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Proc Natl Acad Sci U S A. Apr 5, 2005; 102(14): 4935.
Published online Apr 4, 2005. doi:  10.1073/pnas.0502024102
PMCID: PMC556010
Gene Regulatory Networks Special Feature

Gene regulatory networks

Eric Davidson, Member, PNAS Editorial Board and Michael Levin, Special Feature Editor

The Special Feature on gene regulatory networks in this issue of PNAS highlights an emerging field in the biosciences: gene regulatory networks that control animal development. The complex control systems underlying development have probably been evolving for more than a billion years. They regulate the expression of thousands of genes in any given developmental process. They are essentially hardwired genomic regulatory codes, the role of which is to specify the sets of genes that must be expressed in specific spatial and temporal patterns. In physical terms, these control systems consist of many thousands of modular DNA sequences. Each such module receives and integrates multiple inputs, in the form of regulatory proteins (activators and repressors) that recognize specific sequences within them. The end result is the precise transcriptional control of the associated genes. Some regulatory modules control the activities of the genes encoding regulatory proteins. Functional linkages between these particular genes, and their associated regulatory modules, define the core networks underlying development.

Gene regulatory networks explicitly represent the causality of developmental processes. They explain exactly how genomic sequence encodes the regulation of expression of the sets of genes that progressively generate developmental patterns and execute the construction of multiple states of differentiation.

As this new field takes shape, the following are among the key emergent concepts:

  • The regulatory genome as a logic processing system: Every regulatory module contained in the genome receives multiple disparate inputs and processes them in ways that can be mathematically represented as combinations of logic functions (e.g., “and” functions, “switch” functions, “or” functions). At the system level, a gene regulatory network consists of assemblages of these information-processing units; thus, it is essentially a network of analogue computational devices, the functions of which are conditional on their inputs.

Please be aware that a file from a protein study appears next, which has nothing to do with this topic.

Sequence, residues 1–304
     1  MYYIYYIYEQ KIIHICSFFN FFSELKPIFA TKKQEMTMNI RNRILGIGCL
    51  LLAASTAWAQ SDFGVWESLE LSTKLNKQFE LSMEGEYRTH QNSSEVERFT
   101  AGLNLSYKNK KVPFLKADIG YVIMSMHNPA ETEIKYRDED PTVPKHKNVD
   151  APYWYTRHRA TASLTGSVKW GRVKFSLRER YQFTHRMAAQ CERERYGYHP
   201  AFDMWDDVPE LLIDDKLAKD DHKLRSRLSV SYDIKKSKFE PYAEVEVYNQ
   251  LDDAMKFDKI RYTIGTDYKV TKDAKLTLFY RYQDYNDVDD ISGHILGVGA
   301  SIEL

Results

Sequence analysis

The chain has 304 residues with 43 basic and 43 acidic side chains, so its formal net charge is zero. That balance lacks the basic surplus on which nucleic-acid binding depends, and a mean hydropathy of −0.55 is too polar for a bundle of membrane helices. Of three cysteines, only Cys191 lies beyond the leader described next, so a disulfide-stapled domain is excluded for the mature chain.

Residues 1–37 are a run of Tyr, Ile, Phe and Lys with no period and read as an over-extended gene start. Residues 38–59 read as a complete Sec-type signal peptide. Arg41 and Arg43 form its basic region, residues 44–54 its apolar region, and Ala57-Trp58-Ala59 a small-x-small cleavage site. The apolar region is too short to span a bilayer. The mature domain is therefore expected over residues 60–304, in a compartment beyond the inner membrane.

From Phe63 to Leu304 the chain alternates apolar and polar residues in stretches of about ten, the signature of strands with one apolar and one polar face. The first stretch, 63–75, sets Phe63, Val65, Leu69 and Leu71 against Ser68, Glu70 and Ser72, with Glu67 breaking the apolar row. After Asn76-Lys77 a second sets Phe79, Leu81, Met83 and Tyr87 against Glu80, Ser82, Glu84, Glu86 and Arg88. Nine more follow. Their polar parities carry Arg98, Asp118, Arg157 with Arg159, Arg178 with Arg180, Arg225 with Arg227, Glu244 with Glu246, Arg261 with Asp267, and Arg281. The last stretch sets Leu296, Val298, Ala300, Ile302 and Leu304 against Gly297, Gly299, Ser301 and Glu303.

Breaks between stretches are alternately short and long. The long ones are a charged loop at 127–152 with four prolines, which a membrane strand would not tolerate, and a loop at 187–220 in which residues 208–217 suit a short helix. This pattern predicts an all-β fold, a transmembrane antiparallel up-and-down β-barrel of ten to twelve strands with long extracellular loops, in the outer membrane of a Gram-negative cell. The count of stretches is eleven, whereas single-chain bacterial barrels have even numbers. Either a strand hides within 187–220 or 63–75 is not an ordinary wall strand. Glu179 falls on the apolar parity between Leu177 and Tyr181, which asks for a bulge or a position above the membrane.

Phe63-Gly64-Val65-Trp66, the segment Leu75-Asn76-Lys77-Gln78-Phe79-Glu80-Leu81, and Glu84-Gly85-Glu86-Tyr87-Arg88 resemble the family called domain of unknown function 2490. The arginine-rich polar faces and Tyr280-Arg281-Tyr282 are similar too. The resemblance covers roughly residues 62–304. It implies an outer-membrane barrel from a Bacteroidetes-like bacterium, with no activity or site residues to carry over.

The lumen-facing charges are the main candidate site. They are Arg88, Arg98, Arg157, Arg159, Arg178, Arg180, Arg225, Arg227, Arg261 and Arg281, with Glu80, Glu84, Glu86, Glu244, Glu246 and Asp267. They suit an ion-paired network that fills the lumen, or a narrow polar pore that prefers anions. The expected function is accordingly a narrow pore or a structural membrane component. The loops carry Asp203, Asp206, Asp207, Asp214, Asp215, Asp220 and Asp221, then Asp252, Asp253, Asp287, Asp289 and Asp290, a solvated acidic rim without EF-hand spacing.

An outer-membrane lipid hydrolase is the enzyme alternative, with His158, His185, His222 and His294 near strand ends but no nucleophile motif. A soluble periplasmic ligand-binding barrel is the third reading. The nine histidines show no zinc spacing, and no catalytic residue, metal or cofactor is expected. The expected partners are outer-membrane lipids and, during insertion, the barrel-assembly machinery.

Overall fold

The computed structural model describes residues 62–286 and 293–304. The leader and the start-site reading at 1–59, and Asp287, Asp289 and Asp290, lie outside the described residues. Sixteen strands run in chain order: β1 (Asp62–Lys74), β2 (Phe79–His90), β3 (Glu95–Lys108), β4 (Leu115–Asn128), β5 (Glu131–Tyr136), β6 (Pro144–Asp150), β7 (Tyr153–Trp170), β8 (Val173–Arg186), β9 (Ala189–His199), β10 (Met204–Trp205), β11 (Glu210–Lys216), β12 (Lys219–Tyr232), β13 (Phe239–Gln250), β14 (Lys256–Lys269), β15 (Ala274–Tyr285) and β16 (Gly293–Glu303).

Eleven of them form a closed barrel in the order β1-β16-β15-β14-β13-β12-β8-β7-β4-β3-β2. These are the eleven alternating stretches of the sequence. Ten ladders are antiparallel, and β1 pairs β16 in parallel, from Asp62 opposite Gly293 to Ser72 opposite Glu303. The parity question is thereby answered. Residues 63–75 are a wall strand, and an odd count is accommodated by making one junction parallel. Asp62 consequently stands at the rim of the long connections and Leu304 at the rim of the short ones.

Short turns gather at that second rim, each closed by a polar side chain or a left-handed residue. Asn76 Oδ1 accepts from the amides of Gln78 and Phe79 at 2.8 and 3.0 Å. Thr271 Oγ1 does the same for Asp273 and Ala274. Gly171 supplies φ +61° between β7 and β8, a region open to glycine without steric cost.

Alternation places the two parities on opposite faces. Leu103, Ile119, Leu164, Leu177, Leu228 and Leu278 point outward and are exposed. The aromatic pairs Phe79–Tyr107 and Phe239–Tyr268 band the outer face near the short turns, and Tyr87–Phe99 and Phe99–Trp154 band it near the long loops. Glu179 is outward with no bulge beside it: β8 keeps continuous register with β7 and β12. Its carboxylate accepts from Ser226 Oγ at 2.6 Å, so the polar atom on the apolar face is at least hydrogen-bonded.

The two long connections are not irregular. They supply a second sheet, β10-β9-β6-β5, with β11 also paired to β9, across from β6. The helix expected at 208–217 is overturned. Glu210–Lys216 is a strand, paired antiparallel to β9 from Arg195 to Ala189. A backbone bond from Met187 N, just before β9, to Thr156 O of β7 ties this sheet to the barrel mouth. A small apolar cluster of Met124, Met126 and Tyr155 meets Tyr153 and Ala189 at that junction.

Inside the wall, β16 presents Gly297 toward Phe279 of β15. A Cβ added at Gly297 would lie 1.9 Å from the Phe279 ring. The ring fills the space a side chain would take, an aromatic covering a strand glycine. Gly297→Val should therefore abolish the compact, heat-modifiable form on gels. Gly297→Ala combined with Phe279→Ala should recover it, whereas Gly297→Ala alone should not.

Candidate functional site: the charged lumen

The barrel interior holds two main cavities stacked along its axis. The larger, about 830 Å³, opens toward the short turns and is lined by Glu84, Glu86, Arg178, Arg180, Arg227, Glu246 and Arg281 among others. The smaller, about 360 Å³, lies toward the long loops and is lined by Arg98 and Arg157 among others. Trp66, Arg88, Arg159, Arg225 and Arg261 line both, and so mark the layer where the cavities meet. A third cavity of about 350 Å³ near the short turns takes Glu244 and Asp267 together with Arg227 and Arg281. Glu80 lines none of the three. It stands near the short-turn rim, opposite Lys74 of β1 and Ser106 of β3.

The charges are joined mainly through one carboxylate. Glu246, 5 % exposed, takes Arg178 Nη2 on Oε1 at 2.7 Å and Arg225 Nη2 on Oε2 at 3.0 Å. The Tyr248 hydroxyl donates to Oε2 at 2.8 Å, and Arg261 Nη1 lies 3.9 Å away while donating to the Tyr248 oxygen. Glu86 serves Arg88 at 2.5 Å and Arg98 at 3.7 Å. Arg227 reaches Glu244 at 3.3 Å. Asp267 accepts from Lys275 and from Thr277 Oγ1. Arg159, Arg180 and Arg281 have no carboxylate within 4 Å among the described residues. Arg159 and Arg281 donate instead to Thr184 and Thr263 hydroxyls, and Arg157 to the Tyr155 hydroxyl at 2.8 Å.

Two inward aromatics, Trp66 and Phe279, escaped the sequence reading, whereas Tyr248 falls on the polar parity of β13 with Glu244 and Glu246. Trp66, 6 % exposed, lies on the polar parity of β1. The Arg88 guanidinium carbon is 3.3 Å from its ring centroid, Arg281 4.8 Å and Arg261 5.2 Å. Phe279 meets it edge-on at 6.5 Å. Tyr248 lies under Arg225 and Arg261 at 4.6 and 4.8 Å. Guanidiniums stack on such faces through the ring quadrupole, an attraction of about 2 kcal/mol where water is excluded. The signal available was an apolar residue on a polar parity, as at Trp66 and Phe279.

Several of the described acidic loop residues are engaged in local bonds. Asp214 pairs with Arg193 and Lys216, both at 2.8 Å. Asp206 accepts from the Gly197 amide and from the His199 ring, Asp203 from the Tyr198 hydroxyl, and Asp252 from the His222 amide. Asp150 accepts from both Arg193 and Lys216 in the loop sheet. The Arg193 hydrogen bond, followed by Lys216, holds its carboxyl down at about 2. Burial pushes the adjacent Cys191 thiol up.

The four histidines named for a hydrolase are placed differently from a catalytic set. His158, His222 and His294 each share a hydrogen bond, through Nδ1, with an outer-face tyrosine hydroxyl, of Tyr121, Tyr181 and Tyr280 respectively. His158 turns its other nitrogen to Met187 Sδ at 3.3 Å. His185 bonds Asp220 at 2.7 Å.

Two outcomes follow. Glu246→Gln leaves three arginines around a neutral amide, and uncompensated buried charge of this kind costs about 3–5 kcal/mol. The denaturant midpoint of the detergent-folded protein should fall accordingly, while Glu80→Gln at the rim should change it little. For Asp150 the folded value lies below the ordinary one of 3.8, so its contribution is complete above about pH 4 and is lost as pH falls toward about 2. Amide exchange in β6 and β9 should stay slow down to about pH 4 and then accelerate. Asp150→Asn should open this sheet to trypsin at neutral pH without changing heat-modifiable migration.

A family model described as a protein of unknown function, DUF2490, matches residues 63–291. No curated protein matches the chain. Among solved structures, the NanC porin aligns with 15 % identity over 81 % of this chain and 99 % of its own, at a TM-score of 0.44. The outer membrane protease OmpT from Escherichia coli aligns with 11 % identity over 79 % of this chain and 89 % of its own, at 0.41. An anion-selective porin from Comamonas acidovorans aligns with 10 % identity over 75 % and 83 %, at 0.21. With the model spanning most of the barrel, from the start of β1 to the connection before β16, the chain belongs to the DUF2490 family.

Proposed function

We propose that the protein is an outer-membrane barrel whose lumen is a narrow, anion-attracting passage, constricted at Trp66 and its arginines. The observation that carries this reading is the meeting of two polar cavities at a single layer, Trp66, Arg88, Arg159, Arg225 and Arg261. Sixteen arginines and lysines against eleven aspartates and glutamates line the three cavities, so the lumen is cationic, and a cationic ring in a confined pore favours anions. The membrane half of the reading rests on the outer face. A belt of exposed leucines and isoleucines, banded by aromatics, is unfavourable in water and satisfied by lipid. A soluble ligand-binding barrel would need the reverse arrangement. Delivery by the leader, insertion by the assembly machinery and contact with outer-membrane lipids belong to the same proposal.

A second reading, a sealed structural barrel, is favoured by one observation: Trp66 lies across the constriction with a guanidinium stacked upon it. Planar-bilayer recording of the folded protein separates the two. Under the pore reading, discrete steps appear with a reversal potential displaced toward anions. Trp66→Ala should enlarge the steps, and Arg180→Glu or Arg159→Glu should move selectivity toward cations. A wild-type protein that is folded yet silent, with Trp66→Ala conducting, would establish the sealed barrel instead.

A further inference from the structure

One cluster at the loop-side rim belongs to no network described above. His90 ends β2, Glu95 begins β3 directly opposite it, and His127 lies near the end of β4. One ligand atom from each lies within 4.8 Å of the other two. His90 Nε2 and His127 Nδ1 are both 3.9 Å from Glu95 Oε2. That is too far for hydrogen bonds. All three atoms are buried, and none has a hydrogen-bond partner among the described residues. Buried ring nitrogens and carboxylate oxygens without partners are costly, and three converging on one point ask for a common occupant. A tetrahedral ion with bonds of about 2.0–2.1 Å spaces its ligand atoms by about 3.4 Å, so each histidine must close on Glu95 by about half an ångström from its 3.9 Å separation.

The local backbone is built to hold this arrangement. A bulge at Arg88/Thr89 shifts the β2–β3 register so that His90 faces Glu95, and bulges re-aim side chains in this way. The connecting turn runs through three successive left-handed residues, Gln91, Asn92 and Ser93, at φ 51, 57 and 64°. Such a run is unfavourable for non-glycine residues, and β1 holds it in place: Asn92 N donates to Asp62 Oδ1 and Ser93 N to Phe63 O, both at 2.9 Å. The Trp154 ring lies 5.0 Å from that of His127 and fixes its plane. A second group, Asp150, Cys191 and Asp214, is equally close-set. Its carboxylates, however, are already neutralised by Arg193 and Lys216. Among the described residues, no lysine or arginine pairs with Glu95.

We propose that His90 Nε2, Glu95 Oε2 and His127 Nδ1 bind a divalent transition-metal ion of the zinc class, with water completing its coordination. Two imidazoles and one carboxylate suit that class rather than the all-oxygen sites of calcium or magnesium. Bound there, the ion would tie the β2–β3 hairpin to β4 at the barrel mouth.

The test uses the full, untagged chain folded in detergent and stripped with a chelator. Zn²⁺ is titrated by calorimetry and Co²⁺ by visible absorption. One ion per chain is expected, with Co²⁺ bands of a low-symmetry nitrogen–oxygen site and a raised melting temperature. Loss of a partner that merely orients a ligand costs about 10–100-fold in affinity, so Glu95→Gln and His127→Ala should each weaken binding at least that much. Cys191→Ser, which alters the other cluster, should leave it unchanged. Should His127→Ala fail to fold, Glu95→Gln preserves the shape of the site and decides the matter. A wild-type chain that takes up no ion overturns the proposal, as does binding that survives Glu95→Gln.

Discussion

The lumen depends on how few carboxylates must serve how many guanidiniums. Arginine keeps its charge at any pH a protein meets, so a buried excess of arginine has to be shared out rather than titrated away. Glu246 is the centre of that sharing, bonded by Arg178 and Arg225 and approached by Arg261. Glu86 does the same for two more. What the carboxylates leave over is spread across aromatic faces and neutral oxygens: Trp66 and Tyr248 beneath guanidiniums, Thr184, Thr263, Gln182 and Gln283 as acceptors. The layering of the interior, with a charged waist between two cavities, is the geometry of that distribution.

• Causality in the regulatory genome: The reasons why genes are expressed when and where they are in the spatial domains of the developing organism are revealed in network “architecture,” that is, in the total aggregate pattern of regulatory linkages. Definitive regulatory functions emerge only from the architecture of intergenic linkages, and these functions are not visible at the level of any individual genes. Examples are the multigenic circuits that act to produce positive or negative feedback loops. It is most important to determine regulatory network architecture, and this can be done by experimental perturbation followed by measurement of the effects on function of many individual genes. But gene regulatory network architecture can be authenticated only by experimental molecular biology in which the functional meaning of given regulatory sequences is directly determined.
  • Network substructure: Gene regulatory networks are inhomogeneous compositions of different kinds of subcircuits, each performing a specific kind of function. This concept is important, because it holds the key to network design principles. Some subcircuits are used in many diverse biological contexts, for example, most signal transduction subcircuits, just as particular electronic subcircuit devices are used in diverse kinds of processors. Others are more complex and are dedicated to similar biological functions wherever they appear. Subcircuits of these latter kinds are “wired” in such a way that they are not easily reorganized. However, evolutionary comparison shows that other types of network linkages are far more flexible and malleable. Even subtle modifications in these latter linkages can create morphological diversity among related animal groups.
  • Reengineering genomic control systems: To redesign these most potent of all biological control systems, to both intellectual and practical ends, it is necessary to understand thoroughly the flow of causality in a genomically encoded gene regulatory network. Such understanding requires a uniquely interdisciplinary mix of theory and experiment, computation and molecular biology, high-end technology, and sophisticated command of the biological system. Once appreciated and experimentally controlled, the inbuilt richness of genomic control is certain to provide insights into processes that we can only begin to define.


Articles from Proceedings of the National Academy of Sciences of the United States of America are provided here courtesy of National Academy of Sciences
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